Instead of which, the game has gone the full course and still there's no sign of a winner. With nearly two months of play under their belts, the tournament has barely progressed. It's hard to know which is the greater surprise, Enterprise's lack of form or Lasmo's ability to capitalise on it. As we approach Friday's climax - if it can be called that - the score seems to be about deuce.
To say the result is too close to call credits it with a greater excitement value than it deserves, for this has been a match remarkable only for the abysmally poor level at which it has been played. With decision time approaching judgements, are nonetheless easier to make. Lasmo has certainly had the better of the propaganda war but that hardly surprises: Rudoph Agnew, a skilled practitioner in these things, and his chief spin doctor, Alan Parker of Brunswick, make a charming and powerfully persuasive pair.
Lasmo's defence runs something like this: sure, we were a diabolically bad company, but things have changed. We've had a refinancing. The chairman, chief executive and finance director have been booted out and replaced with more able people. Shareholders have had all the pain. Why now give away what even Enterprise acknowledges are first-class assets for a second-class offer? What does Enterprise bring to the party?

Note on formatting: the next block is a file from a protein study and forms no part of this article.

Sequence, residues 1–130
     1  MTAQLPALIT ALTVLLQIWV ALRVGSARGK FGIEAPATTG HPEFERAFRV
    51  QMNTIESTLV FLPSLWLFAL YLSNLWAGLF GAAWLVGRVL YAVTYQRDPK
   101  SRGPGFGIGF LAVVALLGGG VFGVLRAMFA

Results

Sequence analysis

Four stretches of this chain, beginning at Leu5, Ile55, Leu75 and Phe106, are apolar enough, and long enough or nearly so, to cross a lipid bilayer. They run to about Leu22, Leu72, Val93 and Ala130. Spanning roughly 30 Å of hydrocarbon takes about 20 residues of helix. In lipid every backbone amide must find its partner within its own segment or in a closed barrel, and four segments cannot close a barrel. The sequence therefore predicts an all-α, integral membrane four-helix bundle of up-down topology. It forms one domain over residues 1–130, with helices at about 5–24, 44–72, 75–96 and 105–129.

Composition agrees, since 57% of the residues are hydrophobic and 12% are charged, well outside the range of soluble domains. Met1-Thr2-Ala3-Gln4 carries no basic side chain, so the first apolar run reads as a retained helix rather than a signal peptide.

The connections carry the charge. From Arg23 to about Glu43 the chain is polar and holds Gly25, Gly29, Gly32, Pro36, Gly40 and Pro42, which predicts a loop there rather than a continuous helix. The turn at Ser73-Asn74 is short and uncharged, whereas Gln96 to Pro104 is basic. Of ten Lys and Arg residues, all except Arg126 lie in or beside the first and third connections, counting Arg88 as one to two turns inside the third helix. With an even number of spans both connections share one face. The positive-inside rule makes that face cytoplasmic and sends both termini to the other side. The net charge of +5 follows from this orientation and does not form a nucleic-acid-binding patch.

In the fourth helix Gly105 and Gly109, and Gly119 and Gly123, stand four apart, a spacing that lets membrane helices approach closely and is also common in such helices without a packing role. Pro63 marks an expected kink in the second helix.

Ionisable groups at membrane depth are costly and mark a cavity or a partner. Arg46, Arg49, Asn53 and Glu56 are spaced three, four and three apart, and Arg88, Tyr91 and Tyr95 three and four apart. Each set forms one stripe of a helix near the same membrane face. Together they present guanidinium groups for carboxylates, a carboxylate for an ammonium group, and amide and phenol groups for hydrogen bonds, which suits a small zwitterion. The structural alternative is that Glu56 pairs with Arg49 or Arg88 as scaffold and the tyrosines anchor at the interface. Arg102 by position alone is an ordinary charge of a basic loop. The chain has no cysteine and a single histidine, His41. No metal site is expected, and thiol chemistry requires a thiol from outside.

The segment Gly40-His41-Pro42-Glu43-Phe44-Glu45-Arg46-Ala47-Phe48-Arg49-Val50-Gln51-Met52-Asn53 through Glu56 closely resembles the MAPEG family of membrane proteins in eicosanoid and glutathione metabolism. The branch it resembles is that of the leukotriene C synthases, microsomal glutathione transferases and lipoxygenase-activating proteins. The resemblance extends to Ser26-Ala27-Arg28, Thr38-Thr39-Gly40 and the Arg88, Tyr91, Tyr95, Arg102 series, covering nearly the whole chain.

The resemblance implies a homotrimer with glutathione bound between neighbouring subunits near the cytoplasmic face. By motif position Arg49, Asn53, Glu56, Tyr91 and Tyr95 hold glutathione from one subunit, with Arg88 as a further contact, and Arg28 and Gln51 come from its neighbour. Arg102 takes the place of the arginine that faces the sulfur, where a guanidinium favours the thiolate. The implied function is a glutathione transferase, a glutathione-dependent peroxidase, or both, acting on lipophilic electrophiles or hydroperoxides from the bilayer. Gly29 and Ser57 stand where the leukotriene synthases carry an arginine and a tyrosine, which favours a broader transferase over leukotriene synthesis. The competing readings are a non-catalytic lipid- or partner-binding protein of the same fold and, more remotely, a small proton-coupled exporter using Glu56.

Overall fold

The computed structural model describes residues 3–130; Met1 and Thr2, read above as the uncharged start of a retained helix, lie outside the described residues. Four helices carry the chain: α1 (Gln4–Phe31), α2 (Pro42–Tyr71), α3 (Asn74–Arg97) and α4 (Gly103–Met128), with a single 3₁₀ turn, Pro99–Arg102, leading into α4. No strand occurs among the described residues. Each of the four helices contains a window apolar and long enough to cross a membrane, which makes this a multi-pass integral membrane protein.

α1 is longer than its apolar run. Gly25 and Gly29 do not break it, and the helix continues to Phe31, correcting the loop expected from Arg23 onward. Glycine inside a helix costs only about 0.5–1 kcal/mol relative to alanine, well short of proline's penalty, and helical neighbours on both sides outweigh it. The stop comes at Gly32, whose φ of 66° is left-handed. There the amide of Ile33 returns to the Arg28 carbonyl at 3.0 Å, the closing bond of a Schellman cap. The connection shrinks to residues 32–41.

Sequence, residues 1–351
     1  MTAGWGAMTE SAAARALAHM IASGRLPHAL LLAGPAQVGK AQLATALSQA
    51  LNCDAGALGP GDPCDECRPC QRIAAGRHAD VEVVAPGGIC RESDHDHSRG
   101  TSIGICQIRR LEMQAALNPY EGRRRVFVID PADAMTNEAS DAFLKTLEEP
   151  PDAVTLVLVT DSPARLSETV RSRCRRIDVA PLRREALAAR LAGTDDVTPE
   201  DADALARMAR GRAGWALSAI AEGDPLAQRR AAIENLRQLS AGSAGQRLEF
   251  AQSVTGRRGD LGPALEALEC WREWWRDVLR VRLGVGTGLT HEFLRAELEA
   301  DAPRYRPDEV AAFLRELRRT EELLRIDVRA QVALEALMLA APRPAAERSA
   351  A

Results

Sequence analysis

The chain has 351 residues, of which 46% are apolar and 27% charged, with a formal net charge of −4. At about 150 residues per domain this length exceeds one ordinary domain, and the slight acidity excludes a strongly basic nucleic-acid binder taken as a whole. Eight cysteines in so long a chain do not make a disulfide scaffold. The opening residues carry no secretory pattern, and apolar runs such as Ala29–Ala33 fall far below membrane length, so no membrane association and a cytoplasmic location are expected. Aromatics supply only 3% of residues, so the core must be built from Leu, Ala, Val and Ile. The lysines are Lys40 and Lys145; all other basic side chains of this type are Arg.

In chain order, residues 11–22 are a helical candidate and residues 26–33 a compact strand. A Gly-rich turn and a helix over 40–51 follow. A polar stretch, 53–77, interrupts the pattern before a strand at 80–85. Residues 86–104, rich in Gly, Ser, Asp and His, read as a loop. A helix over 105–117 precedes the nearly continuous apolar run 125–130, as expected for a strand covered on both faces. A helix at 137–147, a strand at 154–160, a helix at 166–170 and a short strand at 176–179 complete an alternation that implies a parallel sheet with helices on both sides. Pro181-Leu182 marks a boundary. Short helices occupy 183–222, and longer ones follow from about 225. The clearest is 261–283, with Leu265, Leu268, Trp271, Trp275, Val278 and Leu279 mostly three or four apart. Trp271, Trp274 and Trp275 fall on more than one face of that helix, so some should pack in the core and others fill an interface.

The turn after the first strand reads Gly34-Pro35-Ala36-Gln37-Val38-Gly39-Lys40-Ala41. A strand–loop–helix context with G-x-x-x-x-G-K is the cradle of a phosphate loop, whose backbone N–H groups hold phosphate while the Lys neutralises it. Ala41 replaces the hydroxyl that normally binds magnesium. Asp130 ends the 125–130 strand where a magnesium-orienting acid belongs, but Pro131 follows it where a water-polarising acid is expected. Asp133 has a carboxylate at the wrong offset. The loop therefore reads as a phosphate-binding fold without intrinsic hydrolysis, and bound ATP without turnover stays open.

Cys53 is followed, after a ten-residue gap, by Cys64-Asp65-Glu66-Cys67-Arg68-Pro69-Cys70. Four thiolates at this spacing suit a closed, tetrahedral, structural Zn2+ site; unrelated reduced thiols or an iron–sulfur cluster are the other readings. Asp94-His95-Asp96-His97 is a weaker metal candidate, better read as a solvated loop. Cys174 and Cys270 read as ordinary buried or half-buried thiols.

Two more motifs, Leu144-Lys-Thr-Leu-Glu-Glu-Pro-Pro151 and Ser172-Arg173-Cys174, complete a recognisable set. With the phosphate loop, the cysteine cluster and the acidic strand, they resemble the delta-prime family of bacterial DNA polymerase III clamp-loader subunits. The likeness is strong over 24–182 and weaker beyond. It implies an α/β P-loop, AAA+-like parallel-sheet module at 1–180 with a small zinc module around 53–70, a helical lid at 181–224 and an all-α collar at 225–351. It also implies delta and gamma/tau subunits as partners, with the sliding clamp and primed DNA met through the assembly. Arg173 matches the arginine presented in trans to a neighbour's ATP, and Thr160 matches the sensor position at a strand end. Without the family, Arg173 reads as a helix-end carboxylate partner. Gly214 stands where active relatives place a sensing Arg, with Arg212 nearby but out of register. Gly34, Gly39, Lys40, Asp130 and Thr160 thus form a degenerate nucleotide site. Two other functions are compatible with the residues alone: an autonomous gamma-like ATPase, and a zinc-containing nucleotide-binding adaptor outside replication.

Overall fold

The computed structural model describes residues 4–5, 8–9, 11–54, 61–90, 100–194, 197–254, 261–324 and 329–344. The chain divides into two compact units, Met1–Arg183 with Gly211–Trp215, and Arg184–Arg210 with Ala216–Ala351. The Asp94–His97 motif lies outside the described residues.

What indeed? Cut through the smoke and noise and you find a fair amount, although the company seems quite incapable of getting the message across. The dividend carried by the new Enterprise shares is lower than the ordinary, but it is still two and a half times higher than Lasmo shareholders will get if the company stays independent. Backing Enterprise is a two-way bet on the oil price: up or down, the investor is better off than with Lasmo alone.
If shareholders reject this offer, they forgo a simple premium. A proven management is given the cold shoulder in favour of an entirely unknown one. It is a brave shareholder who ignores the lessons of the past and sticks with a company which has traditionally been such a disaster.
Enterprise was last night making its final presentation to Phillips & Drew Fund Management which, with more than 16 per cent of the stock, is in a position to determine the outcome. Tony Dye, PDFM's investment director, must relish his position as kingmaker and it would be foolish to predict his decision. What he should decide is another matter. He should back Enterprise.Reuse content